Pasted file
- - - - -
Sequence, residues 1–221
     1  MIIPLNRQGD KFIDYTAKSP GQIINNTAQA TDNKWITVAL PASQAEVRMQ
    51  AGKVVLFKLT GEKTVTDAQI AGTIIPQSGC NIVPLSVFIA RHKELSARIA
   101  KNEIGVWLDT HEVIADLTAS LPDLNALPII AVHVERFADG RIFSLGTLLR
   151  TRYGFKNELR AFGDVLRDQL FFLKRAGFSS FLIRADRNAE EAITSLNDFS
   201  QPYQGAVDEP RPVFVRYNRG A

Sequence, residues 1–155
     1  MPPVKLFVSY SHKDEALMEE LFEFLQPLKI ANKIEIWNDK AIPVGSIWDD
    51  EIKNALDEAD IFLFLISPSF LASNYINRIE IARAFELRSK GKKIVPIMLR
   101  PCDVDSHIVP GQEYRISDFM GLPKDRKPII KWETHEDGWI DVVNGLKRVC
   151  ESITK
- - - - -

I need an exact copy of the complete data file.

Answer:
Sequence, residues 1–221
     1  MIIPLNRQGD KFIDYTAKSP GQIINNTAQA TDNKWITVAL PASQAEVRMQ
    51  AGKVVLFKLT GEKTVTDAQI AGTIIPQSGC NIVPLSVFIA RHKELSARIA
   101  KNEIGVWLDT HEVIADLTAS LPDLNALPII AVHVERFADG RIFSLGTLLR
   151  TRYGFKNELR AFGDVLRDQL FFLKRAGFSS FLIRADRNAE EAITSLNDFS
   201  QPYQGAVDEP RPVFVRYNRG A

Sequence, residues 1–155
     1  MPPVKLFVSY SHKDEALMEE LFEFLQPLKI ANKIEIWNDK AIPVGSIWDD
    51  EIKNALDEAD IFLFLISPSF LASNYINRIE IARAFELRSK GKKIVPIMLR
   101  PCDVDSHIVP GQEYRISDFM GLPKDRKPII KWETHEDGWI DVVNGLKRVC
   151  ESITK